Former Samoan PM found guilty of contempt of court over election turmoil


The former prime minister of Samoa has been found guilty of contempt of court after fighting judgments that tried to manage the 2021 election turmoil.

In a decision delivered by the Supreme Court of Samoa on 23 February, New Zealand justices Robert Fisher and Raynor Asher set out how Tuilaepa Sailele Malielegaoi and others “damaged the fabric of Samoa” with the “gravest possible examples of contempt of court”.

Also found guilty of contempt of court were MP Lealailepule Rimoni Aiafi and party lawyer Maiava Visekota Peteru, while six others were acquitted of the same charge.

The judges chose not to impose any penalty, considering the “very special circumstances” of the case.

In April 2021, after the general election resulted in a dead heat between the then-incumbent Human Rights Protection Party (HRPP) led by Malielegaoi, and a new party Fa’atuatua i le Atua Samoa ua Tasi (FAST) Party, the courts were tasked to help break the tie.

But Malielegaoi fought back against several court orders allowing Parliament to sit with FAST as leaders, and even had the new party locked out of the Parliament building the day the newly elected MPs were to be sworn in by court order.

The party, led by Fiame Naomi Mata’afa, the now-prime minister and former deputy to Malielegaoi, was sworn in anyway in an impromptu outdoor ceremony on the steps of the building.

Nearby at the HRPP headquarters, Malielegaoi accused them of “treason” and accused the judiciary of colluding with FAST members.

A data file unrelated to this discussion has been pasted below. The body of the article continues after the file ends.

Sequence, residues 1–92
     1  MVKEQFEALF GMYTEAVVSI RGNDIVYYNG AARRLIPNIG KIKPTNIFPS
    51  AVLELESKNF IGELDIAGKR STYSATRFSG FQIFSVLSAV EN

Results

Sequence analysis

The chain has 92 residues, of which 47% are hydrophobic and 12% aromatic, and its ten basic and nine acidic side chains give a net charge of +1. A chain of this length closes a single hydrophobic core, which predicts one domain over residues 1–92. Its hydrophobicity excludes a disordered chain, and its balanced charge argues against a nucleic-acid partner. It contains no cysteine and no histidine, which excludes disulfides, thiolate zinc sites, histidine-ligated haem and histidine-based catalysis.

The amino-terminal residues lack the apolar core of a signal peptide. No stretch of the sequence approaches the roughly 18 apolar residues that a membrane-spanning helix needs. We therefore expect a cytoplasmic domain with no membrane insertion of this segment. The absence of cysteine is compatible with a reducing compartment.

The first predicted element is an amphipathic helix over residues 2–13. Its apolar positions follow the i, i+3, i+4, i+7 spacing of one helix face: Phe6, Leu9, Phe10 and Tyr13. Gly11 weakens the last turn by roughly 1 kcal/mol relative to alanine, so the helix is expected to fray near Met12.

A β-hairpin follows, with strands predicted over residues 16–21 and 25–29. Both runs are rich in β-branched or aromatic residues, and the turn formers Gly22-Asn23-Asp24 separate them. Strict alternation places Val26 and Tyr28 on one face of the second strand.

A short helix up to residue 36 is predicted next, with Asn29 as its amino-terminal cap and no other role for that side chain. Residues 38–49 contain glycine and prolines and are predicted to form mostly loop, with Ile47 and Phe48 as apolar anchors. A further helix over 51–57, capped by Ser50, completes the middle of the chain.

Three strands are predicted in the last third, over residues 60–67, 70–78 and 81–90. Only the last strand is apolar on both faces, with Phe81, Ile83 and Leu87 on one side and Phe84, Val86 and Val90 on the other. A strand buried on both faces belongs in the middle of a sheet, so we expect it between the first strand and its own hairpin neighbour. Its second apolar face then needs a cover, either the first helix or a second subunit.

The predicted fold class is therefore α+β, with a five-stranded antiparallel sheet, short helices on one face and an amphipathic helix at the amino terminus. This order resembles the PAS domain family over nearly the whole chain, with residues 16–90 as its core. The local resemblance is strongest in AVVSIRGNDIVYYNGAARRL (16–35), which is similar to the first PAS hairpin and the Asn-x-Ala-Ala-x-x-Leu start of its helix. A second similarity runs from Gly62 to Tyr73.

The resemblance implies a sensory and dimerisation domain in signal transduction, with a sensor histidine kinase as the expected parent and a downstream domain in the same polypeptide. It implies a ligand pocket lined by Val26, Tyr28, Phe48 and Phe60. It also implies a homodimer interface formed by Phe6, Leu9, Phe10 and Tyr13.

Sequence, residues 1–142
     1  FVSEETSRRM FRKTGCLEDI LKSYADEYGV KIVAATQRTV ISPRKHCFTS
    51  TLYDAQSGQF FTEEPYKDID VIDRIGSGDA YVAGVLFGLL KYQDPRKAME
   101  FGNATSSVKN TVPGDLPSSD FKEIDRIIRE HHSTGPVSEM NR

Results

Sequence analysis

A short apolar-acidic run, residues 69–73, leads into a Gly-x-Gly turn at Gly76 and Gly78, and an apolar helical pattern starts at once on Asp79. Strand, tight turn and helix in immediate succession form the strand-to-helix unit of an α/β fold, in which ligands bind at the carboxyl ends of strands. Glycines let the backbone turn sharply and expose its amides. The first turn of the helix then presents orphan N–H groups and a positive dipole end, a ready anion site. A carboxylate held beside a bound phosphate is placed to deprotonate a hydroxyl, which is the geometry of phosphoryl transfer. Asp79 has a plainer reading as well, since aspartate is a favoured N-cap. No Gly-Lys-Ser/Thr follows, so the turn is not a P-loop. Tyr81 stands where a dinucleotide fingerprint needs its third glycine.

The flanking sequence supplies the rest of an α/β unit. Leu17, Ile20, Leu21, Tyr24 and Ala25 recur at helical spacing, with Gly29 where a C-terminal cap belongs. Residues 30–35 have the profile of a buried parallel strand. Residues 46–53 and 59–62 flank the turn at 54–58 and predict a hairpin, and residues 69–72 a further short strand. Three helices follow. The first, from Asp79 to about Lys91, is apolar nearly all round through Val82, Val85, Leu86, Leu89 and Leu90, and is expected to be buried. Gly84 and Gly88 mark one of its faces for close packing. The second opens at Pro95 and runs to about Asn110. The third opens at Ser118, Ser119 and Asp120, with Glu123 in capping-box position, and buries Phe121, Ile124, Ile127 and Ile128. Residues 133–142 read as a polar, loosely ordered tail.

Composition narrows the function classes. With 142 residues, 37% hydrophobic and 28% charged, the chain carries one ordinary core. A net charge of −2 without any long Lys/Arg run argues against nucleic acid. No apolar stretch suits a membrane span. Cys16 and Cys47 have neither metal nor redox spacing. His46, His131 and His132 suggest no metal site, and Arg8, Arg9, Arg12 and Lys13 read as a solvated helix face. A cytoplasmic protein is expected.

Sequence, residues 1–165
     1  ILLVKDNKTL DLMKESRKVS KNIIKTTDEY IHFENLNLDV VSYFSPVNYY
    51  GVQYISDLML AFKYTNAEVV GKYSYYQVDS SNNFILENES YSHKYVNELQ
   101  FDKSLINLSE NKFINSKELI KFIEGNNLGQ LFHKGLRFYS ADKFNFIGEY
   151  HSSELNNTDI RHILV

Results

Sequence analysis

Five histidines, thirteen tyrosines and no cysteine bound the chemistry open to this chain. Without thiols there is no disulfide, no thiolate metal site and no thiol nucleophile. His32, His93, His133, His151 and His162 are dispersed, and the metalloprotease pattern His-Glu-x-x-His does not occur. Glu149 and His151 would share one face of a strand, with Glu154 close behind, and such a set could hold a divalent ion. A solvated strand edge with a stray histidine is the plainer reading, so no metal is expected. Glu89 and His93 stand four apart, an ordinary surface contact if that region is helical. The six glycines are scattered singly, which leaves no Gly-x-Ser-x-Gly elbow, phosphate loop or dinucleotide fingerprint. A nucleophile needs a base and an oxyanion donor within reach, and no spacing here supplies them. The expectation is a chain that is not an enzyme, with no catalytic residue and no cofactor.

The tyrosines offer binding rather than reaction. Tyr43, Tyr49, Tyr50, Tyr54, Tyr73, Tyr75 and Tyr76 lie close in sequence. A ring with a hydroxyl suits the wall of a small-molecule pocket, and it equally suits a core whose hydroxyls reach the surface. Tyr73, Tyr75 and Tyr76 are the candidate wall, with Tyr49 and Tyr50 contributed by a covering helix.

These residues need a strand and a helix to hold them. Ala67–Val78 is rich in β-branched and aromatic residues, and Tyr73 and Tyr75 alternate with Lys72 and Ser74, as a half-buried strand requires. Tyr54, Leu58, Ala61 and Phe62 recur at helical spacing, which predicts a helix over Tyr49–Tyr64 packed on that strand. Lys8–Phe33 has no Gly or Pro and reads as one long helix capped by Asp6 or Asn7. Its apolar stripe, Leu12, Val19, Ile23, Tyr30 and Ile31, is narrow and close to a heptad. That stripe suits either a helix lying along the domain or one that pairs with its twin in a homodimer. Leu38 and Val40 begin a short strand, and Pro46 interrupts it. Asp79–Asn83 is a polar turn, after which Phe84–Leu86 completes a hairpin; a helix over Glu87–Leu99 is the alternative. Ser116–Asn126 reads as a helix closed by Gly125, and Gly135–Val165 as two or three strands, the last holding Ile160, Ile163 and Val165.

“They publicly denigrated the Judges and declined to follow their decisions,” the judgment released on Wednesday said.

“By rejecting the Judges, they invited legal anarchy. Many others accepted the invitation. It was a troubling time for Samoa.”

In a hearing in late February, Malielegaoi and other Opposition members formally apologised for scandalising the court.

The respondents acknowledged they had undermined public confidence in the court and apologised for what they had said. The judges welcomed the apologies.

The Opposition members involved and Mata’afa submitted an agreement to the court to discontinue the contempt of court proceedings in order to help the country move forward from the turmoil of 2021, and to “promote peace and harmony for the public of Samoa”.

The court had used this agreement as the basis on which not to impose penalties on the guilty parties, the judgment said.

“Although it is important to publicly record and condemn these contempts of court, we see no need to go further. The precedent now stands,” the judges wrote.

“On this occasion penalties would simply inflame disruptions and conflicts that have done enough harm already. The current prime minister and FAST party are anxious to put them to bed. It is not our place to disagree.” .